Tying the worlds of Unbreakable and Split together, M. Night Shyamalan brings us a film that serves as direct sequel to both previous stories. Glass unites the invincible David Dunn (Bruce Willis), DID sufferer Kevin Wendell Crumb (James McAvoy), and the brittle-boned mastermind Elijah, now going by the name of Mr. Glass (Samuel L Jackson).
Placing the film fifteen years after the events of Unbreakable and three weeks after those of Split, we pick up with David tracking down petty criminals, while the Horde – the personalities that have taken over Kevin’s identity – continues its murderous rampage. What’s clear from the off is this is a much more conventional ‘superhero’ film than either of its predecessors, the first act moving at a quite a clip relative to Unbreakable’s heavy, depressive pace.
What hasn’t changed is Shyamalan’s visual flair. Split’s cinematographer, Mike Gioulakis returns, mixing uncomfortably intimate close-ups with vivid colour coding and low slung angles to invoke the look of comic panels. The result is one of the best-looking films in either filmmaker’s oeuvre – particularly in the film’s lengthy, asylum-set second act. It’s a good job the asylum looks good, though, as this is where the drama hits an inertia from which it never fully recovers.
Unbreakable worked because the mystery around David’s extraordinary abilities framed a very grounded family drama. Equally, Split’s appeal lay not in the novelty of Kevin’s affliction, but in the discovery of his multiple personalities, their conflicting motivations and power plays with each other. Glass loses the mystery of both with familiarity, while wasting time asking whether its characters really are super-powered when we already know that they are.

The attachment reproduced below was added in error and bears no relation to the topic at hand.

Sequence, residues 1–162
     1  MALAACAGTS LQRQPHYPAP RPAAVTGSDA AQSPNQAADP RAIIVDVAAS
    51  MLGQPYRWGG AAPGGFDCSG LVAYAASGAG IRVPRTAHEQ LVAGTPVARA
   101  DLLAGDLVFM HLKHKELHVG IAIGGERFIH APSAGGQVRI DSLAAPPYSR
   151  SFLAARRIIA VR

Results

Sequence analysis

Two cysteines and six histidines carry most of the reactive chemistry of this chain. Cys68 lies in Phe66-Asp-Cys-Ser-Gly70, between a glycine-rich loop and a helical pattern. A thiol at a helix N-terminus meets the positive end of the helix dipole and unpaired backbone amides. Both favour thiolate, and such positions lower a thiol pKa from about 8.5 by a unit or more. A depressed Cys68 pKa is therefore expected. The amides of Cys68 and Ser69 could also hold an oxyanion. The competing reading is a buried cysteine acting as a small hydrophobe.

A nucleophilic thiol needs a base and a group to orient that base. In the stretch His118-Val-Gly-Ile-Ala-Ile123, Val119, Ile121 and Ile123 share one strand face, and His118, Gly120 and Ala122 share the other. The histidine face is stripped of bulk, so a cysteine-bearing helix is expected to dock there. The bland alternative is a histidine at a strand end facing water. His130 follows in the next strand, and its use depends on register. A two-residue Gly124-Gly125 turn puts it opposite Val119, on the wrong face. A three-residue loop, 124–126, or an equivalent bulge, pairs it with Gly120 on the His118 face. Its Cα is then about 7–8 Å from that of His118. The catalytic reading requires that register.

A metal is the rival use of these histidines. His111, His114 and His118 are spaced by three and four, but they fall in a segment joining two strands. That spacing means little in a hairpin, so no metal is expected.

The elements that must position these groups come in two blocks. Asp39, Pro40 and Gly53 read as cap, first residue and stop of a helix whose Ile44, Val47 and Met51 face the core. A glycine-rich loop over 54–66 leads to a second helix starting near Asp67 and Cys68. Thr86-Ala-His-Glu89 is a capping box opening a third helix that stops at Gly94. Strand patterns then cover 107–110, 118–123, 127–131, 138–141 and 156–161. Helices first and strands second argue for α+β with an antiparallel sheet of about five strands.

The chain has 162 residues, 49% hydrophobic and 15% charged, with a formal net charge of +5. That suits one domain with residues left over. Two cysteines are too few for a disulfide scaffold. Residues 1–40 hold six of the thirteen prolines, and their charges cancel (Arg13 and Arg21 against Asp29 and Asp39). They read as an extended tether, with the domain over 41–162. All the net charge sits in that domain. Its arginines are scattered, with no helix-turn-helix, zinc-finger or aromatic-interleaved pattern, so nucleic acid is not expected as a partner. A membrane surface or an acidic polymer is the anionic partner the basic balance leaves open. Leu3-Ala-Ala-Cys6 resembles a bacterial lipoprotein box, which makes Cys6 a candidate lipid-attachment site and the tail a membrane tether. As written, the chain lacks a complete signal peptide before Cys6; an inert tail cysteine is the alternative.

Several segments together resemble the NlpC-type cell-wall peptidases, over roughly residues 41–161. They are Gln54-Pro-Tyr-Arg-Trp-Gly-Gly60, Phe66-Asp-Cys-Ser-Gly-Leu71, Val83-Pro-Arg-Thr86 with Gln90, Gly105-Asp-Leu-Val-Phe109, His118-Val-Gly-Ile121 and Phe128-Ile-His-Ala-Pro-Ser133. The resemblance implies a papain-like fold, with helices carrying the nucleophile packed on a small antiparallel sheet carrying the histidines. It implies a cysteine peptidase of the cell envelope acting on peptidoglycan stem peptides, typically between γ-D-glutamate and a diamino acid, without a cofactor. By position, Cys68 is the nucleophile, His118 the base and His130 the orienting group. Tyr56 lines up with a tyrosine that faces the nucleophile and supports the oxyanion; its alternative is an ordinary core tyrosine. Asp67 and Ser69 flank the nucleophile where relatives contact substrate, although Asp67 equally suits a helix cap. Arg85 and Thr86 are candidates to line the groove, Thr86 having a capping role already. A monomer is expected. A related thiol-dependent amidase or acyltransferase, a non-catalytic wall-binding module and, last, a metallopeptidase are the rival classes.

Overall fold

Meanwhile, three subplots involving Elijah’s mother (Charlayne Woodard), David’s son Joseph (Spencer Treat Clark, reprising his role from Unbreakable), and Kevin’s escaped victim from Split, Casey (Anya Taylor-Joy) have been evidently hacked to the bone, leaving them all but irrelevant. As a result, the ending – featuring of course the director’s trademark sleight of hand – ultimately is unsatisfying and feels strangely dated.
It should be noted, too, that the depiction of Kevin’s DID – a real-life condition – is ludicrous and borderline offensive. McAvoy brings his all to the role, and it’s really a treat watching him transform himself from 9-year old boy to middle-aged woman to freakish man-beast through performance alone, but this depiction of mental illness is iffy at best. Furthermore, the film’s three women characters are all little more than maternal figures, as well as being lumped with the film’s most cringe-worthy dialogue (of which there is plenty to go around).
Despite its myriad issues, Glass is often a hoot to watch – particularly once Elijah comes out of his self-induced fugue to wreak havoc on the facility, with Jackson hamming it up with infectious relish, bouncing off the gurning McAvoy. The flaw in Glass’s surface is, ironically, its opacity. Instead of interrogating the structure of superhero narratives, Shyamalan uses it as a crutch, explicitly drawing attention to it whenever his story begins to topple. The effect is to obscure any thematic clarity or depth, making Glass an exercise in smoke and mirrors, and a rather fragile one at that.
Christopher Machell | @Dr_Machell